SHORTLISTED FOR THE 2020 EDWARD STANFORD 'FICTION WITH A SENSE OF PLACE' AWARD
Places remember us...
'An important, ambitious, and accomplished novel. Sudbanthad deftly sweeps us up in a tale that paints a twin portrait: of a megacity like those so many of us call home and of a world where sanctuary is increasingly hard to come by' Mohsin Hamid
A missionary begs to be sent home.
A jazz pianist is hired to perform for ghosts.
An army colonel smells the food of home for the last time.
A girl designs herself a new face.
An old woman uploads her consciousness.
Bangkok Wakes to Rain is an intricately plotted novel where characters and stories are linked by place, not time. As the novel builds to a futuristic crescendo, moments of intimacy serve to remind us that no matter what the ebb of time may change, we humans persevere.
Praise for Bangkok Wakes to Rain:
'Compelling' Financial Times
'Breathtakingly lovely' Kirkus
'A sumptuous accomplishment' Esquire
'A simple, ingenious conceit' Alexander Chee
'Elegant and restrained' Wall Street Journal
'Saturated in the senses' Claire Vaye Watkins
'A swirling, always surprising storytelling structure' Guardian
'An original and quietly memorable reading experience' Washington Post
'Beautifully textured and rich with a sense of place' Karen Walker Thompson
'Reading this book feels like waking up to a singular and important new voice' Rajesh Parameswaran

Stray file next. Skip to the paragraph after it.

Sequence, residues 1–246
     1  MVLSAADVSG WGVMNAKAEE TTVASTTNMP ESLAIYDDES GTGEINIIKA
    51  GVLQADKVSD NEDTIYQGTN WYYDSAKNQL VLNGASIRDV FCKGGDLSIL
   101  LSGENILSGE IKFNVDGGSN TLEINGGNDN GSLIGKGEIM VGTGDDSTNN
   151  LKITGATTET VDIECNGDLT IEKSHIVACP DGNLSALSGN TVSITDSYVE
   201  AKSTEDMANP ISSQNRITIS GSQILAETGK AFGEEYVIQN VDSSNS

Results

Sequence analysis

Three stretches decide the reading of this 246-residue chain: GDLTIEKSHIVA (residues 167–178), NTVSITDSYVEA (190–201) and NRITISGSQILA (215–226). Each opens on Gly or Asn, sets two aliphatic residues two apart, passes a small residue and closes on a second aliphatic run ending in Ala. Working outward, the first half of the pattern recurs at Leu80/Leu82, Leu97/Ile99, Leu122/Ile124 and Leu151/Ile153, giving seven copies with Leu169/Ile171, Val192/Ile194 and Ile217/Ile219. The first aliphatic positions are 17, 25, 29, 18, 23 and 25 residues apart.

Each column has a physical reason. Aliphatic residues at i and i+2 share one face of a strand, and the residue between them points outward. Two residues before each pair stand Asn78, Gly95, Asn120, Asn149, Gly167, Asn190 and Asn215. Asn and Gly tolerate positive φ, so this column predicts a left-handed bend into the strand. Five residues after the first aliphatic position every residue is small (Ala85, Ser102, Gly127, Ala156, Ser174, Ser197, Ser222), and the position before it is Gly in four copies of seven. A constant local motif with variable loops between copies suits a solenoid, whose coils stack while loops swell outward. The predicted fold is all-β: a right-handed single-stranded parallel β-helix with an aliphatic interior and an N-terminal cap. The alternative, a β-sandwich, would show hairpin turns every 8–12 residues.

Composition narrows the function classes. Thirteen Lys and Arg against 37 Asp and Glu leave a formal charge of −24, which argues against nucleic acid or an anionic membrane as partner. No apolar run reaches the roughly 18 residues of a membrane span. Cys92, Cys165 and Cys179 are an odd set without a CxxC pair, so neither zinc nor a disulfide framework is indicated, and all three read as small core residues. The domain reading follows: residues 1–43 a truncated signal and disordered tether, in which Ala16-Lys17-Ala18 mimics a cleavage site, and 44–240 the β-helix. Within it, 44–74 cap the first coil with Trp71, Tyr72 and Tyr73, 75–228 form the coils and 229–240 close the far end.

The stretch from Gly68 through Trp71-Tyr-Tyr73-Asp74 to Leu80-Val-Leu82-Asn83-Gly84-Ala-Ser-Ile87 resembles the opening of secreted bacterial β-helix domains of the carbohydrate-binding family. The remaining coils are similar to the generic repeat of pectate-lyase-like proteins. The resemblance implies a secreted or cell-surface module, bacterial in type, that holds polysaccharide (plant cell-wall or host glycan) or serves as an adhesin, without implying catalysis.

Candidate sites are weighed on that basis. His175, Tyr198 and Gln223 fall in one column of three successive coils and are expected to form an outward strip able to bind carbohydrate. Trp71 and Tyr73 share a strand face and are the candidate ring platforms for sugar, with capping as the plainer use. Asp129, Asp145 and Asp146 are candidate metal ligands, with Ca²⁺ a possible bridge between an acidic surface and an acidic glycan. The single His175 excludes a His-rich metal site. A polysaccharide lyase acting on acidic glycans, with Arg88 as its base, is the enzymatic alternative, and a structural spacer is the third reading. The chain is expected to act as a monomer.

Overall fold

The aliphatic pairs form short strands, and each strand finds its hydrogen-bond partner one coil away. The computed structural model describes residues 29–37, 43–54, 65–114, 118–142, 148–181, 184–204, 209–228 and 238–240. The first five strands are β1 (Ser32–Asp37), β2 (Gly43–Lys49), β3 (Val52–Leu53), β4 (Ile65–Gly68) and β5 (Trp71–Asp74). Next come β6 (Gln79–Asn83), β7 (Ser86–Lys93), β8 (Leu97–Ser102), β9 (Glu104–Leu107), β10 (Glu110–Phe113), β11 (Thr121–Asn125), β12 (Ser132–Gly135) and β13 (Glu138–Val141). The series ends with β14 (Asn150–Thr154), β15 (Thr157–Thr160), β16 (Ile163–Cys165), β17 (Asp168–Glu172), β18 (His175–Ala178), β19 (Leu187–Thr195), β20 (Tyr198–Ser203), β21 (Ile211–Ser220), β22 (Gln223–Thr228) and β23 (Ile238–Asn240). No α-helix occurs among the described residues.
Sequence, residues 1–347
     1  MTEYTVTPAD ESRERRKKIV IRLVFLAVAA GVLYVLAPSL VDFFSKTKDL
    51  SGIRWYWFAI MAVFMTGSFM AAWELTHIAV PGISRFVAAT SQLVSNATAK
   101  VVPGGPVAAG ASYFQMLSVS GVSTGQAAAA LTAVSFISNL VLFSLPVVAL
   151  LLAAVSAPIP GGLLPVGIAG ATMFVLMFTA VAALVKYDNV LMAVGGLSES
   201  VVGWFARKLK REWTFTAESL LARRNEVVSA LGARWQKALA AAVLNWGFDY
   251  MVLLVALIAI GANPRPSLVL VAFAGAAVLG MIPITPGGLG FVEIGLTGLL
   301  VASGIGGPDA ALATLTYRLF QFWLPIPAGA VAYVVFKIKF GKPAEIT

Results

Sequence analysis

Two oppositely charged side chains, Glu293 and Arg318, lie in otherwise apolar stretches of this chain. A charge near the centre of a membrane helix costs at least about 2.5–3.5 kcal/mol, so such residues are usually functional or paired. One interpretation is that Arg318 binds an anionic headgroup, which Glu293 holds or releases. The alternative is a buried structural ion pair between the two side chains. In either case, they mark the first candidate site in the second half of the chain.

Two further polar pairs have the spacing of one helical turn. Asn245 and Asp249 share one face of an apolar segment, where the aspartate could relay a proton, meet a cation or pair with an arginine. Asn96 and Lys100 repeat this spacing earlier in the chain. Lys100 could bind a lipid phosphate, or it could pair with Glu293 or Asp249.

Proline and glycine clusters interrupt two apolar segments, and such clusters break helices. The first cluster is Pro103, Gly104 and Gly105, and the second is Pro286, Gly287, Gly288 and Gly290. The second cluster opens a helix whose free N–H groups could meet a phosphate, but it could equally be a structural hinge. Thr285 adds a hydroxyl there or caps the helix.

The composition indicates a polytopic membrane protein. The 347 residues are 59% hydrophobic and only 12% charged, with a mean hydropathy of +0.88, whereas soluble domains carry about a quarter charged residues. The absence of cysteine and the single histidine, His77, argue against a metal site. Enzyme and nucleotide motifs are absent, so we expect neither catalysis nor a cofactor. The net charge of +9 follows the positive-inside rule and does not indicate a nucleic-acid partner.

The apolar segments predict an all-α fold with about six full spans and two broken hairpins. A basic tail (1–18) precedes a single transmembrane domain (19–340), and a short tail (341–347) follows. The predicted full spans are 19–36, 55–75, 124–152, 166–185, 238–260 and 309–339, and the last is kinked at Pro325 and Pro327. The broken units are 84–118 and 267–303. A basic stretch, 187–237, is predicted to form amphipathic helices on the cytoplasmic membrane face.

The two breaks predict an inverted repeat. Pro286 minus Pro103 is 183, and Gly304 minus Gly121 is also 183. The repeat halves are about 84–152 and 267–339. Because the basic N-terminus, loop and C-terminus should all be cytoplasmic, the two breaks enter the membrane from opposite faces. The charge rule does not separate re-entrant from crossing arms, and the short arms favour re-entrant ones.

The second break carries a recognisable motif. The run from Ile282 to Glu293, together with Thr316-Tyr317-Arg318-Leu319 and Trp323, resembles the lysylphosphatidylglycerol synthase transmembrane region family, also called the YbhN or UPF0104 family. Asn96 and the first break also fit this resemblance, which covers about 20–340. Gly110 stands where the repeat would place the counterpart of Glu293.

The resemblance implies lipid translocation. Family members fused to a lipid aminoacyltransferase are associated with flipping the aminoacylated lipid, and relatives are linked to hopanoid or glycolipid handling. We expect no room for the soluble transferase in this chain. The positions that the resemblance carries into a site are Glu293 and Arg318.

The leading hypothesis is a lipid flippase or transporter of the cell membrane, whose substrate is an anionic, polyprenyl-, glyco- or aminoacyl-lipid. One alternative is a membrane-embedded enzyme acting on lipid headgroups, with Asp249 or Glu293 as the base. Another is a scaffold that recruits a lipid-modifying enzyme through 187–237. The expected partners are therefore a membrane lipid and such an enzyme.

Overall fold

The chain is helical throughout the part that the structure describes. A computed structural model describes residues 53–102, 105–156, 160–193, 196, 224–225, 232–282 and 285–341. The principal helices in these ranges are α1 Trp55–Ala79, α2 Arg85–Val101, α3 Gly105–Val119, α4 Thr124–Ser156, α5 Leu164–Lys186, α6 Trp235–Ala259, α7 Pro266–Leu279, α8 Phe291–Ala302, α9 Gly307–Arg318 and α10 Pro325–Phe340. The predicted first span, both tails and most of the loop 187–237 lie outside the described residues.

Sudbanthad's meditative debut drifts back and forth through time, evoking Bangkok past, present, and future. Loosely woven narratives follow Nee, a girl whose lover is killed during anti-government protests in 1973, as she navigates life in a melancholy city bleeding out its ancient culture. In one story, Nee is estranged from her sister Nok after she discovers Nok's restaurant in Japan buys its Thai ingredients from a corrupt ex-colonel. In another, Nee goes to work managing a high-rise condo, the lobby of which is a colonial-style Thai house the heart of this novel once owned by one of the building's wealthy elderly residents. When the old woman's son comes home from abroad, he and Nee begin a disastrous affair. Interspersed among Nee's stories (which are not presented chronologically) are beautifully wrought tales of a doctor-missionary in old Siam, whose Western faith morphs into enlightenment with the help of witch doctors, cholera, and despair. Occasionally birds will narrate a story or an aging American jazz musician, another foreigner seduced by Krungthep, the name the Thai people use to describe their city. Though this novel's ambitious architecture disparate stories in shifting eras can sometimes work against its considerable strengths, all of Sudbanthad's characters live and breathe with authenticity, and his prose is deeply moving, making for an evocative debut.